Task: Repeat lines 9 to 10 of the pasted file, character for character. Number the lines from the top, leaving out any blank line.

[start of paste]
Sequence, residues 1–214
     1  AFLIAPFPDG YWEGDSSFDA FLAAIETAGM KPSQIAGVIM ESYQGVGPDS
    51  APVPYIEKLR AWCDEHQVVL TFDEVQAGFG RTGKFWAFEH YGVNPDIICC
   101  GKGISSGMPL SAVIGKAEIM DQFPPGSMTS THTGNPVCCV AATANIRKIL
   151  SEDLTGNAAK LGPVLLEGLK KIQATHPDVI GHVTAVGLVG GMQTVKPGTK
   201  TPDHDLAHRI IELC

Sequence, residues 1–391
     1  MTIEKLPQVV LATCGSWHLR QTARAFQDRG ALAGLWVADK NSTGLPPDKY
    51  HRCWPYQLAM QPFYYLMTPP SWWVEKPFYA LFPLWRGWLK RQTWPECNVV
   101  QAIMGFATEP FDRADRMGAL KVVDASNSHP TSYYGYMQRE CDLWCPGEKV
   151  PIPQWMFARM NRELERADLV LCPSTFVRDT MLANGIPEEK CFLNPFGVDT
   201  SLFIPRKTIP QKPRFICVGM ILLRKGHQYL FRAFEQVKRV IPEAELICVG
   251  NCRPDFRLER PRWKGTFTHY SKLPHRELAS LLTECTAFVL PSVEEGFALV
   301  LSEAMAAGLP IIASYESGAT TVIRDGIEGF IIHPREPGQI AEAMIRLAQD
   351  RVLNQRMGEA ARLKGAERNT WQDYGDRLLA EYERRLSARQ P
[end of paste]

    51  HRCWPYQLAM QPFYYLMTPP SWWVEKPFYA LFPLWRGWLK RQTWPECNVV
   101  QAIMGFATEP FDRADRMGAL KVVDASNSHP TSYYGYMQRE CDLWCPGEKV